Type 2 diabetes and FTO rs9939609 gene polymorphism: a study among the two tribal population groups of Manipur, North East India

  • Somorjit Singh Ningombam
  • Sunanda Rajkumari
  • Varhlun Chhungi
  • Masan Kambo Newmei
  • Naorem Kiranmala Devi
  • Prakash Ranjan Mondal
  • Kallur Nava SaraswathyEmail author
Original Article


Diabetes is one of the most underrated epidemic worldwide, and its prevalence has increased rapidly in developing nations like India. It has increased not only in the general population per se, but even among the indigenous tribal populations also. Several candidate genes have been associated with type 2 diabetes, and the association of type 2 diabetes and FTO rs9939609 gene polymorphism is a matter of debate. The present study aims to understand the prevalence of type-2 diabetes and its association with FTO rs9939609 gene polymorphism, among the Naga and Mizo tribe of Manipur, North East India. Demographic, somatometric variables and blood samples from 521 individuals were collected and FTO rs9939609 variant was screened. The prevalence of type 2 diabetes/impaired fasting glucose was found to be 10.1 and 43.73% among the Liangmai and Mizo tribe, respectively. The FTO variant showed an increased risk for impaired fasting glucose (OR 1.25; CI 0.38–4.1) among the Liangmai tribe, but among Mizo tribe, it showed an increased risk for type 2 diabetes (OR 1.34; CI 0.73–2.4), albeit with no statistical significances. This suggests that there seems to be diverse effect of FTO rs9939609 A allele in the two tribes, i.e., disadvantageous effect among Liangmai tribe and an adaptive effect among Mizo tribe.


Type 2 diabetes FTO gene Genetic association variation Tribal population North East India 



Type 2 diabetes


Body mass index


Confidence interval


Deoxyribonucleic acid


Fat mass and obesity associated


Hip circumference




Odds ratio




Polymerase chain reaction-restriction fragment length polymorphism


Single nucleotide polymorphism


Waist circumference


Waist-hip ratio


Waist-height ratio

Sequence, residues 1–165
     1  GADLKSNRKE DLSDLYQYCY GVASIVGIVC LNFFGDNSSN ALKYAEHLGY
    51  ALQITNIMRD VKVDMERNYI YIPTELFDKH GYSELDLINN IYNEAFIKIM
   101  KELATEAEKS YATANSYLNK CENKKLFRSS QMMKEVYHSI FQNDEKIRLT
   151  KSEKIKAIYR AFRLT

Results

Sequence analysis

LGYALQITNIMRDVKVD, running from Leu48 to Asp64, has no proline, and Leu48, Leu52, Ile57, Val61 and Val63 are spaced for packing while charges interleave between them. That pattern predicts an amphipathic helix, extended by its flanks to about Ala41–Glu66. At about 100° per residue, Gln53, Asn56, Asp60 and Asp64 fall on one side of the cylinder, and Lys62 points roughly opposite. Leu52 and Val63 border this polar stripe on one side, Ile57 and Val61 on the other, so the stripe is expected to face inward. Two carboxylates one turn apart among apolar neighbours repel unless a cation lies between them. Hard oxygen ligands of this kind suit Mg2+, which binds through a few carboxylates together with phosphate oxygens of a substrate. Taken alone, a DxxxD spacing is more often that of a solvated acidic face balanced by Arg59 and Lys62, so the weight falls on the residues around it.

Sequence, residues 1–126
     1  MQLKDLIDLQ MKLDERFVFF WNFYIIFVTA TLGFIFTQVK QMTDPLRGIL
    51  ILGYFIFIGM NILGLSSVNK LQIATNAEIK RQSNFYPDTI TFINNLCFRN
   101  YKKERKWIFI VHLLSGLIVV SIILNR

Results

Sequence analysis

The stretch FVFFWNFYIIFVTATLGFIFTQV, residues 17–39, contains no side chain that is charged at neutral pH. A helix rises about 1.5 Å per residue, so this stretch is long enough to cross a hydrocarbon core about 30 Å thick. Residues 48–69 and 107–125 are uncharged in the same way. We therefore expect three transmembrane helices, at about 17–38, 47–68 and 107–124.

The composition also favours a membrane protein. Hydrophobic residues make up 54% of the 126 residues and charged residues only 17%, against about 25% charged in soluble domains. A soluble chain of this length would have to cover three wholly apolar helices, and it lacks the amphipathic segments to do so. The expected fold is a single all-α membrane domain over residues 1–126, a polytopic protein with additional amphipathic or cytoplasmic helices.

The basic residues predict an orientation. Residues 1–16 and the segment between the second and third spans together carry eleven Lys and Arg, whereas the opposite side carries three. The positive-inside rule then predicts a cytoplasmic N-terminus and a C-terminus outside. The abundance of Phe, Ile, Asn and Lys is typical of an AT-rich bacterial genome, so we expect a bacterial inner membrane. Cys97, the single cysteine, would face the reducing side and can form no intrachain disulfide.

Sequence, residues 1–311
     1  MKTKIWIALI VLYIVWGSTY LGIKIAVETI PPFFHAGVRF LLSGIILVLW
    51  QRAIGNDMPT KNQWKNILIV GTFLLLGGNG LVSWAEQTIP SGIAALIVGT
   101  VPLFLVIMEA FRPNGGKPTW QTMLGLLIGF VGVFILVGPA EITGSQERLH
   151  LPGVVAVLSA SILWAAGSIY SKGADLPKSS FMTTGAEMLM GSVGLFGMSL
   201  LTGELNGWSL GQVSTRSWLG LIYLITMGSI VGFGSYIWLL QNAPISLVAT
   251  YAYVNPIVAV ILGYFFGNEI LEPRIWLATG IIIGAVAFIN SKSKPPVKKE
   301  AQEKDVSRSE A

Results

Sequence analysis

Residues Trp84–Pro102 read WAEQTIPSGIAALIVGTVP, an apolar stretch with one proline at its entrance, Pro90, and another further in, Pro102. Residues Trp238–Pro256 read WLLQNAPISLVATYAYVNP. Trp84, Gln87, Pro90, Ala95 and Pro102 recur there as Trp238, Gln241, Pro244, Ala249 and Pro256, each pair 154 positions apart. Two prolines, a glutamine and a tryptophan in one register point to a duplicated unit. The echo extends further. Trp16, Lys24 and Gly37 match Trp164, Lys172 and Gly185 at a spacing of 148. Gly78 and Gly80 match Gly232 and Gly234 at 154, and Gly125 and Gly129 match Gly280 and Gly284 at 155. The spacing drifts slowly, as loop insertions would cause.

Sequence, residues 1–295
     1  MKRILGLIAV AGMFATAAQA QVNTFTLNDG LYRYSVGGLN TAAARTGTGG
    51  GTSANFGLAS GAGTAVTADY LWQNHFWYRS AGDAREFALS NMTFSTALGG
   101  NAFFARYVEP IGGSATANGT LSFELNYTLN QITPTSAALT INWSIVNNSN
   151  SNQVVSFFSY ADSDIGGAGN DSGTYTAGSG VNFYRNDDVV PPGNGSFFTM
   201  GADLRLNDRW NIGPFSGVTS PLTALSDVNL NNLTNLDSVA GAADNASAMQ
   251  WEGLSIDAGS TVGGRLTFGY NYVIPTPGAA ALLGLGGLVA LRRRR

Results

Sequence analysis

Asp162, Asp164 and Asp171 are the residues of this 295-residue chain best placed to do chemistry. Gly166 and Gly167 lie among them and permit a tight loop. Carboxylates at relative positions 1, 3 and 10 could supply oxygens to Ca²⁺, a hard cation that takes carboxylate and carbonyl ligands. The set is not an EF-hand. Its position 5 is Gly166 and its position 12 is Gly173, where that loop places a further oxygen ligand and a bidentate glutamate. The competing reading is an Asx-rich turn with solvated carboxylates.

The authors acknowledge all the participants for their kind cooperation in the present study. The authors also acknowledge Department of Anthropology, Manipur University for providing laboratory facilities during the fieldwork. The authors also acknowledge Ms. Suniti Yadav for providing assistance in the preparation of this manuscript.

Authors’ contributions

Somorjit Singh Ningombam, Sunanda Rajkumari, Naorem Kiranmala Devi, and Kallur Nava Saraswathy analyzed the data and drafted the manuscript. Naorem Kiranmala Devi, Prakash Ranjan Mondal, and Kallur Nava Saraswathy designed the study and directed implementation and data collection. Somorjit Singh Ningombam, Varhlun Chhungi, Masan Kambo Newmei, and Sunanda Rajkumari collected the data and laboratory analysis, and Kallur Nava Saraswathy provided necessary logistic support. Somorjit Singh Ningombam, Naorem Kiranmala Devi, and Kallur Nava Saraswathy edited the manuscript for intellectual content and provided critical comment on the manuscript.

Compliance with ethical standards

Conflict of interest

The authors declared that they have no conflict of interest.

Ethical approval

The Ethical committee, Department of Anthropology, University of Delhi, India approved the study. The written informed consents were obtained from all the subject participants before conducting the study.


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Copyright information

© Research Society for Study of Diabetes in India 2018

Authors and Affiliations

  • Somorjit Singh Ningombam
    • 1
  • Sunanda Rajkumari
    • 1
  • Varhlun Chhungi
    • 1
  • Masan Kambo Newmei
    • 1
  • Naorem Kiranmala Devi
    • 1
  • Prakash Ranjan Mondal
    • 1
  • Kallur Nava Saraswathy
    • 1
    Email author
  1. 1.Biochemical and Molecular Anthropology Laboratory, Department of AnthropologyUniversity of DelhiNew DelhiIndia

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